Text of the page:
12. Follow your bedtime routine.
The bedtime routine you follow at home tips off your brain that it’s time to fall asleep. You may be in a different place, but you can help your brain recognize it’s bedtime by following that same bedtime routine when camping. You might have to forego the warm bath, but you can still brush your teeth, read a book, and meditate in the same order you do before going to bed at home.
13. Sleep in what you wear at home.
If you normally sleep naked at home (which is recommended by experts, by the way), sleep naked at the music festival. Just make sure your tent isn’t see-through, as not everyone may be in the mood to see you in the nude.
If you normally wear pajamas, bring along a set for the festival (here are our top picks for men’s and women’s pajamas). Changing into your PJs will get you in a sleepy frame of mind. They’ll also be much more comfortable to sleep in than your sweat-stained festival gear.
14. Soothe your feet.
Exercise helps you sleep well. Fortunately, walking around the music festival and dancing all day takes care of that. But, rocking out takes a toll on the body. Sore and tired muscles can make sleep elusive if you’re in too much pain.
So, give yourself a makeshift spa treatment at night. Take a painkiller, rub on some CBD topicals, or heat up a water bottle.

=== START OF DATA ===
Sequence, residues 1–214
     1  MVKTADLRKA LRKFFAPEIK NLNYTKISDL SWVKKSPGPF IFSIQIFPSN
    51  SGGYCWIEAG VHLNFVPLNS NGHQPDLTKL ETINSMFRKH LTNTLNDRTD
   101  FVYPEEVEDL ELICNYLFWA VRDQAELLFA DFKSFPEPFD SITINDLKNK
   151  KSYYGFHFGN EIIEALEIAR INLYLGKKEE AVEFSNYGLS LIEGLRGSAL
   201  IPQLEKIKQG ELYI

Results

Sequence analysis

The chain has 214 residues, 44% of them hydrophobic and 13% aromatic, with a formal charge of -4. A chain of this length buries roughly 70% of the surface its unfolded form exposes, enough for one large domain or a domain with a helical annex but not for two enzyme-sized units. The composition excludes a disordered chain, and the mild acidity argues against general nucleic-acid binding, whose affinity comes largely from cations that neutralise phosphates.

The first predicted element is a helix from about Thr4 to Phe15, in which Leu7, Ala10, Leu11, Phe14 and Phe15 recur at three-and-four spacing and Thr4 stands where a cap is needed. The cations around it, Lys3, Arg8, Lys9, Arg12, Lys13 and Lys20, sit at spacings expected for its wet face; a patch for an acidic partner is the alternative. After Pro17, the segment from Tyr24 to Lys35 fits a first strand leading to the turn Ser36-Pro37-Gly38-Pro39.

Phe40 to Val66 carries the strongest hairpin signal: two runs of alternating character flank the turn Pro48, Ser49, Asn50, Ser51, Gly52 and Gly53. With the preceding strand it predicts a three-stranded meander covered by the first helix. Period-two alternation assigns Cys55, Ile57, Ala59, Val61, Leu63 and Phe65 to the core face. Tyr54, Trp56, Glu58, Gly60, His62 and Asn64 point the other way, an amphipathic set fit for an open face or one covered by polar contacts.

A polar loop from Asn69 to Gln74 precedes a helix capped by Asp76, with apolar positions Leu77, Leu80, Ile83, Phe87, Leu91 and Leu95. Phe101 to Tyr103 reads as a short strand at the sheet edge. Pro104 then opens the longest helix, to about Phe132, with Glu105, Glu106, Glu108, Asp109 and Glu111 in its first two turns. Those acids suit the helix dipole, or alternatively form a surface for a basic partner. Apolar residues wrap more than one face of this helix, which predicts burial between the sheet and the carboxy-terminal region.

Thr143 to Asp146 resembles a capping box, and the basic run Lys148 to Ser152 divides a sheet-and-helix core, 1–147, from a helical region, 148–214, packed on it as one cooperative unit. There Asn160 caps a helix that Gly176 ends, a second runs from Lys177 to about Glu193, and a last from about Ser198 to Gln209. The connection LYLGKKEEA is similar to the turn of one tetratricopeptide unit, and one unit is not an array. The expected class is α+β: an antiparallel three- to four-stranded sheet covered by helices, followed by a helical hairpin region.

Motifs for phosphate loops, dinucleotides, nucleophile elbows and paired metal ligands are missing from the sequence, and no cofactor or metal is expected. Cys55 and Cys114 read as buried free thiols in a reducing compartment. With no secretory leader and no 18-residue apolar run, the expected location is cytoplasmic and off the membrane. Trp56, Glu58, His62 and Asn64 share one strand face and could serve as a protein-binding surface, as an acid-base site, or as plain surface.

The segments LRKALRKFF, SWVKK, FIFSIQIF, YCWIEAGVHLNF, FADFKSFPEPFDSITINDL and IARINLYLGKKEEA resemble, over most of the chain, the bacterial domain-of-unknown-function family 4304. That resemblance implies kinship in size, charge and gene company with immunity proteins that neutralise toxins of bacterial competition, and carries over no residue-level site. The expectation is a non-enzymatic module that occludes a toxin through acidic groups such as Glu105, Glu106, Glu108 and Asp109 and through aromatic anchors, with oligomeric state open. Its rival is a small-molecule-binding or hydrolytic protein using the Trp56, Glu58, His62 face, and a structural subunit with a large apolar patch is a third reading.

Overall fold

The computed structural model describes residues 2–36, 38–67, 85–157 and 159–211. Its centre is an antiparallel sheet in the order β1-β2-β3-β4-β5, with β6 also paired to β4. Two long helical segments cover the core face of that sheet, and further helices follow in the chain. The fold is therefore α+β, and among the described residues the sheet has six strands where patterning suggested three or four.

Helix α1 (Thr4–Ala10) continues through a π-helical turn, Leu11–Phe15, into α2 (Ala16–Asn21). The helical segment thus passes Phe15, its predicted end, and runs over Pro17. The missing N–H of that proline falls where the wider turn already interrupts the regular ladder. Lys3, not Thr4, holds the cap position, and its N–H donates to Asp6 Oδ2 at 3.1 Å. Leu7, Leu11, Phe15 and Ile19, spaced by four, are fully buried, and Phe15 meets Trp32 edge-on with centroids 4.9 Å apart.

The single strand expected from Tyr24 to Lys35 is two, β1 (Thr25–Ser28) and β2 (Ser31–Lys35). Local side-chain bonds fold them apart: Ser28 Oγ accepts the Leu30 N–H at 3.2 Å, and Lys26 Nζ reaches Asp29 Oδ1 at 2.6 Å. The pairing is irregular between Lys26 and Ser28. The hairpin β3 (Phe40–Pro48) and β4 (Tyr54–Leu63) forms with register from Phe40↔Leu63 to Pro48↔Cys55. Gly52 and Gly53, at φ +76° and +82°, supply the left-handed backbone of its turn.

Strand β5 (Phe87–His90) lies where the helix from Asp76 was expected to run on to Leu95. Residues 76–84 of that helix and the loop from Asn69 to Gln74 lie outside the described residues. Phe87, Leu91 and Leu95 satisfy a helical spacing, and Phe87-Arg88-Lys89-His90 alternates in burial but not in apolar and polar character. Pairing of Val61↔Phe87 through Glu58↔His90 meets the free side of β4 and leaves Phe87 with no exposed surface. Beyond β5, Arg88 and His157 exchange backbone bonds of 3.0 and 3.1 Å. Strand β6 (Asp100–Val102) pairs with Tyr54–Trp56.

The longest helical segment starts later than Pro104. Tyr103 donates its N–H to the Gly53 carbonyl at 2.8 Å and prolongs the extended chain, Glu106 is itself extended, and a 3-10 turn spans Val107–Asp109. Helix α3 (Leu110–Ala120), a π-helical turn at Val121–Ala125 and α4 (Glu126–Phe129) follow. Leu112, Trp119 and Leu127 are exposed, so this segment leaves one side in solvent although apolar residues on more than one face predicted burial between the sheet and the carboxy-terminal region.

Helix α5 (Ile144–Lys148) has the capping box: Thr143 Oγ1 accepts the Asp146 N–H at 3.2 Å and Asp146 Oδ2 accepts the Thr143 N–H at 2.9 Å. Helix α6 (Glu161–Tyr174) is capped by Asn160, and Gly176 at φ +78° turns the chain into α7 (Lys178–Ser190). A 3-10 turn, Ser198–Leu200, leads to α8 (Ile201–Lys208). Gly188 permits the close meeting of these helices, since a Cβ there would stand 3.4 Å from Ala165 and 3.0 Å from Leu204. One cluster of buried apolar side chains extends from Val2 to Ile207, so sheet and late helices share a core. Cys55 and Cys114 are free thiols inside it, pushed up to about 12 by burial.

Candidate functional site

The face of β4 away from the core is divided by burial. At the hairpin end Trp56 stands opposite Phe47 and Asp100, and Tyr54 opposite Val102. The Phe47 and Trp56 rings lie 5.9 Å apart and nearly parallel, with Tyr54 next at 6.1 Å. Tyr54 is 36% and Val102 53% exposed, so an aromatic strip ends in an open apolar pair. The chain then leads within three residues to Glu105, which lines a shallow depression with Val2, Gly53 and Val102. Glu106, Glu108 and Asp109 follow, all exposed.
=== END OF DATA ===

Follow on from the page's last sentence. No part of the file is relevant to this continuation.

During the day, come prepared with comfortable shoes that will support you. Gladiator sandals and flip flops may not be the best choice here, however well they go with your festival wear.
15. Protect your skin.
You’re really going to feel uncomfortable laying down at night if your skin is red hot, or worse, searing from sunburns. Lather up with sunscreen during the day, and physically cover up your skin where you can (hats and breathable long-sleeves are your friends here; festival wear, not so much).
If your summer festival takes place somewhere mosquitos call home, bring the bug spray, too, and apply generously before bed.
16. Nap if you have to.
Summer music festivals are exhausting, albeit in a good way. Shows scheduled for the middle of the day can sometimes be a snoozefest. If you find yourself hitting an afternoon slump, feel free to head back to the tent for a midday nap to reenergize yourself for the evening headliners.